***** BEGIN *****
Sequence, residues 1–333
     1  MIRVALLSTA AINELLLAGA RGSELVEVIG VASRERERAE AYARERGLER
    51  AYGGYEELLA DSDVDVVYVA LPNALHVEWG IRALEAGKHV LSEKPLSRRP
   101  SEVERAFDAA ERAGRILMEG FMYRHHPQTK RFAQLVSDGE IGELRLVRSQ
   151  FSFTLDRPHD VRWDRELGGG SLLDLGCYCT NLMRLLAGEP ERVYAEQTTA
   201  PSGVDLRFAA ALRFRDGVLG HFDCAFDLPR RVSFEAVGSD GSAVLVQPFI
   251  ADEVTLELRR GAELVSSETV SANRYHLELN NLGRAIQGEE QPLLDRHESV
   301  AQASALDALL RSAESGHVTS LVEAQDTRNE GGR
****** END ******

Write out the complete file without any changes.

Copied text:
Sequence, residues 1–333
     1  MIRVALLSTA AINELLLAGA RGSELVEVIG VASRERERAE AYARERGLER
    51  AYGGYEELLA DSDVDVVYVA LPNALHVEWG IRALEAGKHV LSEKPLSRRP
   101  SEVERAFDAA ERAGRILMEG FMYRHHPQTK RFAQLVSDGE IGELRLVRSQ
   151  FSFTLDRPHD VRWDRELGGG SLLDLGCYCT NLMRLLAGEP ERVYAEQTTA
   201  PSGVDLRFAA ALRFRDGVLG HFDCAFDLPR RVSFEAVGSD GSAVLVQPFI
   251  ADEVTLELRR GAELVSSETV SANRYHLELN NLGRAIQGEE QPLLDRHESV
   301  AQASALDALL RSAESGHVTS LVEAQDTRNE GGR